When Jason Marquis signed with the Nats he had a lot to say about bringing a winning attitude to Washington and mentoring the youngins. That apparently wasn’t just a function of post-deal euphoria, because he’s still bringing the rah-rah. Asked whether the Nats’ many moves this offseason translate to, say, a .500 record, Marquis wasn’t having any of it:
“No, I don’t see why we can’t shoot for the stars. Why do you want to
limit yourself to 81 wins? Why do I want to limit myself to 15 wins? If
I am taking the ball 34 times, I should win 34 times. We step on the
field 162 times, we should win 162 times. You shouldn’t say ‘let’s win
81 games’ than you putting a number (on it) and you are satisfied with
81 wins. I don’t think you should ever be satisfied.”
I’m torn. On the one hand I hate it when ballplayers talk in those Bull-Durhamesque “I just want to help the ballclub” platitudes, but I also don’t like it when someone comes with the “defeat is not an option/victory is certain/give 110%” rebop either.
I’m not faulting Marquis here — I think he went with the better of the two tacks, and it’s nice to hear optimism in NatsLand, because their fans deserve some of it by now — but I think exchanges like these show the limits of what we can learn from people in the media talking to the guys who throw the baseball.
“Yes, Byron, I think we’ll win 86 games, but will fall out of the wild card race in September when Elijah Dukes develops plantar fasciitis on his plant foot.”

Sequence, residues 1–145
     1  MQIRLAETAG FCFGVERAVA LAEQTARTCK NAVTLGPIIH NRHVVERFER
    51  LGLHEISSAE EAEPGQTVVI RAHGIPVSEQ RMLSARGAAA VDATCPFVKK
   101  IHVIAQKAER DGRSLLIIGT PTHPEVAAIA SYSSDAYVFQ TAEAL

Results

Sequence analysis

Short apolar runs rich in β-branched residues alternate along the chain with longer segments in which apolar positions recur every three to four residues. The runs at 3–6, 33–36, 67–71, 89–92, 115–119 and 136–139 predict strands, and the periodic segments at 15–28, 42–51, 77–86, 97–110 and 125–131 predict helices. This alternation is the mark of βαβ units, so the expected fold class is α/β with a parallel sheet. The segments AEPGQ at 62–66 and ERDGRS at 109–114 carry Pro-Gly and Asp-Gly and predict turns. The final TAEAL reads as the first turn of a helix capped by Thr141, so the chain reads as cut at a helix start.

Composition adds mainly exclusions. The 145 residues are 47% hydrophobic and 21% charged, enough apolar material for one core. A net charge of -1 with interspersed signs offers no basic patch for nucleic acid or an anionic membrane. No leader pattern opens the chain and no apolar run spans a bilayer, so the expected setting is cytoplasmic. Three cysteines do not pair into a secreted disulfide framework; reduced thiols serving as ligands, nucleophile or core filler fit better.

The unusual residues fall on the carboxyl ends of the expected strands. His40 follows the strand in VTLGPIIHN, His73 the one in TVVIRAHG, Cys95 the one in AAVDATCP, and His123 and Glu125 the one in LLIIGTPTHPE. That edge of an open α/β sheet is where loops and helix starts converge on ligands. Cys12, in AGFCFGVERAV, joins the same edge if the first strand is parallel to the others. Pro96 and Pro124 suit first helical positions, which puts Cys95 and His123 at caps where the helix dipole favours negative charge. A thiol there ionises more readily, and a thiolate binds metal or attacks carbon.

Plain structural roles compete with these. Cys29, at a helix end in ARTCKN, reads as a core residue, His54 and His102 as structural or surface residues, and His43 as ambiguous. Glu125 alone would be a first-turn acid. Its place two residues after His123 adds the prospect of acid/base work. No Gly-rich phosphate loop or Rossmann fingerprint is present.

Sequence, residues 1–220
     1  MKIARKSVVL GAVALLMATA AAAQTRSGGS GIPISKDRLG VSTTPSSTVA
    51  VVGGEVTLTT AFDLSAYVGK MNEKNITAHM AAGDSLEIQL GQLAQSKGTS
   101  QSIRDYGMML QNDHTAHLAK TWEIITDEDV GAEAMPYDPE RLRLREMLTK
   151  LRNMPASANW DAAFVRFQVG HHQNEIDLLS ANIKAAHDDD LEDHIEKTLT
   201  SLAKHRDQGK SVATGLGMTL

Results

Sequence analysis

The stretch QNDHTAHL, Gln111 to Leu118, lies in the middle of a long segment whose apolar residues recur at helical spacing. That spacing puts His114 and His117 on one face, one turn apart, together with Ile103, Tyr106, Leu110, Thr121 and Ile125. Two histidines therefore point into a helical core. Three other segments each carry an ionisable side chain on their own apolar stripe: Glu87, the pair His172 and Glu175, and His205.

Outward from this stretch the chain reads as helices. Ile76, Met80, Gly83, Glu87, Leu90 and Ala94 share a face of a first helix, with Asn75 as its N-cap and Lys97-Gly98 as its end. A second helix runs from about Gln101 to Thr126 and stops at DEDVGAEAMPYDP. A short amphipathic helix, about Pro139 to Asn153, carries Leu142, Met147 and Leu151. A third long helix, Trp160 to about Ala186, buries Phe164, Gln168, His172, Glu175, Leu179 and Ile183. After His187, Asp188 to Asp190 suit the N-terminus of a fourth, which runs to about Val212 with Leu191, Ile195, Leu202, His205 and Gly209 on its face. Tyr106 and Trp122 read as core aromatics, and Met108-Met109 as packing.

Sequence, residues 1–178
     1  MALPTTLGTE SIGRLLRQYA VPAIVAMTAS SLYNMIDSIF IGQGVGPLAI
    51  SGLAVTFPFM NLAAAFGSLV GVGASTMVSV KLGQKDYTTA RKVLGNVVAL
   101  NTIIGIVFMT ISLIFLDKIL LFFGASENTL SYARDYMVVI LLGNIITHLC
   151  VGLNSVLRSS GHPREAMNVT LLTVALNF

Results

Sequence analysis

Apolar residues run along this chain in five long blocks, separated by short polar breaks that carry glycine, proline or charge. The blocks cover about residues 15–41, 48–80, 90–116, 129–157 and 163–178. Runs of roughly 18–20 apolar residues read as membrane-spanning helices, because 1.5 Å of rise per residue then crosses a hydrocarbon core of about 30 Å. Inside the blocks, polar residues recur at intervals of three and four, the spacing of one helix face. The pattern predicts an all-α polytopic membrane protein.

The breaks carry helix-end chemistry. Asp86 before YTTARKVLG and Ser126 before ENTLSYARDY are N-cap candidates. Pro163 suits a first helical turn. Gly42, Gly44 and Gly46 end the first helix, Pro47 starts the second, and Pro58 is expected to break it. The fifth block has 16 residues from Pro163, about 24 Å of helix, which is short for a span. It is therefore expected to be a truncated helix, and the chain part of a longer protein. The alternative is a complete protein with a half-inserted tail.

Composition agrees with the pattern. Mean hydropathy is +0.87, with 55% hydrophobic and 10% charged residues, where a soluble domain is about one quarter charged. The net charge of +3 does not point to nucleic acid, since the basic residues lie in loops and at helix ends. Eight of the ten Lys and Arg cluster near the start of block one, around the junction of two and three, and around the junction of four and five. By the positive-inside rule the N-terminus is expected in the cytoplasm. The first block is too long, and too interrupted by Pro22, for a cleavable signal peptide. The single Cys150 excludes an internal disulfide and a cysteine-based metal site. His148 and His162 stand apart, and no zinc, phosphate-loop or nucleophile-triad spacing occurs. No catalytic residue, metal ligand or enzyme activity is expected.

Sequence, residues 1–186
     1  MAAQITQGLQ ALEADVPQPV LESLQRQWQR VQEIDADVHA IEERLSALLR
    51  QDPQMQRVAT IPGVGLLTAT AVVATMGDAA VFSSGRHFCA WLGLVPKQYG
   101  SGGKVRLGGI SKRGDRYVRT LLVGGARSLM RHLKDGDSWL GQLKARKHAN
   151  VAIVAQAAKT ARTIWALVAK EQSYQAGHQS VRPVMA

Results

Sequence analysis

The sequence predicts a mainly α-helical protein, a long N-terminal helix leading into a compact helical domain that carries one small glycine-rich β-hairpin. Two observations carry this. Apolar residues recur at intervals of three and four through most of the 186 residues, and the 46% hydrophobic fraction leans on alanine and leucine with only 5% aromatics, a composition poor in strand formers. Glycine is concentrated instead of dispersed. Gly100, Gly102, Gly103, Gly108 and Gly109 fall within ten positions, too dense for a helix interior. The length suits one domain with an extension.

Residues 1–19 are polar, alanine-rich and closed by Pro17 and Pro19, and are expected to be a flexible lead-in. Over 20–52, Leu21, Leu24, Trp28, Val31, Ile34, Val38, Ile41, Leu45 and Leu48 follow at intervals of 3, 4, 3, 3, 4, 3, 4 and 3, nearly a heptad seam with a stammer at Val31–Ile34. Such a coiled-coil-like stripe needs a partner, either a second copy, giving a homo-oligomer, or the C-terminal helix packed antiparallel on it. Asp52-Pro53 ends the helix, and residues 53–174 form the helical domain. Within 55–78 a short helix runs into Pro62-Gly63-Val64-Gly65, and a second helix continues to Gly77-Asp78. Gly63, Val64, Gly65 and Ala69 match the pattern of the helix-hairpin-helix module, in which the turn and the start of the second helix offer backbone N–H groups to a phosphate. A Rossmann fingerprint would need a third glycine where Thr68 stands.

What else can he say?
Monday night has, unfortunately, been a night of injuries. Joaquin Benoit and Corey Kluber suffered injuries earlier in the evening and now it appears that Nationals catcher Wilson Ramos has suffered an apparent right knee injury.
In the top of the sixth inning, Yasmany Tomas hit a double to right field that scored Paul Goldschmidt. Brandon Drury was on his way to home plate as right fielder Brian Goodwin got the relay throw into first baseman Ryan Zimmerman. Zimmerman threw home but it sailed high. Ramos leaped to grab the ball and came down awkwardly, as MASN’s Dan Kolko describes. Ramos clutched and pointed at his right knee. He was unable to put any weight on it as he was helped off the field. Per Kolko, Ramos struggled to get down the dugout steps.
Pedro Severino came in as a defensive replacement for Ramos. The Nationals should have more on his condition after the game. It’s worth noting that Ramos tore the ACL and MCL in the same knee back in 2012.
With the Nationals headed to the playoffs, this is a bad time to lose Ramos if the injury is indeed serious. He came into Monday night batting .307/.354/.497 with 22 home runs and 80 RBI in 520 plate appearances. He went 1-for-3 with a single before exiting Monday’s game.
Indians ace Corey Kluber lasted only four innings in Monday night’s start against the Tigers, exiting with tightness in his right groin, Paul Hoynes of Cleveland.com reports. Kluber had allowed two runs on five hits and a walk with three strikeouts. Both runs scored in the bottom of the second inning on a J.D. Martinez two-run home run.
More should be known on Kluber’s status after the game.
With a week left in the regular season, the Indians are hobbling to the finish line. Carlos Carrasco and Danny Salazar were injured earlier this month, forcing the club to get creative with its starting rotation.
The Indians are leading the Tigers 5-3 as of this writing. If they win, they will clinch the AL Central for their first division title since 2007.